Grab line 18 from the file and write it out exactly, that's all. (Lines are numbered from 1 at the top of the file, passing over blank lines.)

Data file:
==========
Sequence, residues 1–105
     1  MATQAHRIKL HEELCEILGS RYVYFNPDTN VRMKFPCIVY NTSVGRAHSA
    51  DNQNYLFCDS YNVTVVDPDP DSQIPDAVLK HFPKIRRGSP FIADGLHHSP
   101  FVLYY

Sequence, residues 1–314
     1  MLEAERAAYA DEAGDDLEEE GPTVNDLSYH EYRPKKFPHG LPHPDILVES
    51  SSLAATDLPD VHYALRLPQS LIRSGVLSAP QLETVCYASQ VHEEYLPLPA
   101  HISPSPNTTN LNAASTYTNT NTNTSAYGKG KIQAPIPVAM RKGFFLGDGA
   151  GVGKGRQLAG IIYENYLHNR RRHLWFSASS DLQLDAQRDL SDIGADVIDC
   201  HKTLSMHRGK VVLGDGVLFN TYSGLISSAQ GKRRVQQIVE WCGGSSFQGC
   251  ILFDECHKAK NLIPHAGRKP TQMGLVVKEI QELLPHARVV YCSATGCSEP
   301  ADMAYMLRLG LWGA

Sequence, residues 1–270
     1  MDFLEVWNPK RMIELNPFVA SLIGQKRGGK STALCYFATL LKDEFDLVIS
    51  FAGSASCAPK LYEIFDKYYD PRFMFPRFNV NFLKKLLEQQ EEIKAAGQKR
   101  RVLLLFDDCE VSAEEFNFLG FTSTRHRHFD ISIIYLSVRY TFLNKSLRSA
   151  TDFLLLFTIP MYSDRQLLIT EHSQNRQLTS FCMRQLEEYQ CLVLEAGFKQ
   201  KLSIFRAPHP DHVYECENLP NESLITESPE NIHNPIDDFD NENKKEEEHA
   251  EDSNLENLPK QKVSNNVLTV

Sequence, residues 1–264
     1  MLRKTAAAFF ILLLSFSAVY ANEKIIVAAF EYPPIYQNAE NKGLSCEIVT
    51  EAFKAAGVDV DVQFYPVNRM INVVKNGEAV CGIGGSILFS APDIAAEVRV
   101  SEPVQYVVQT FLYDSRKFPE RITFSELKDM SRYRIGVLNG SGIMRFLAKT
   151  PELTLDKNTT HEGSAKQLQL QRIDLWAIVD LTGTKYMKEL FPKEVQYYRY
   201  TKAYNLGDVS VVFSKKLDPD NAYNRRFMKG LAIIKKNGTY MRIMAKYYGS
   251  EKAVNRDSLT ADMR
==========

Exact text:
   201  KLSIFRAPHP DHVYECENLP NESLITESPE NIHNPIDDFD NENKKEEEHA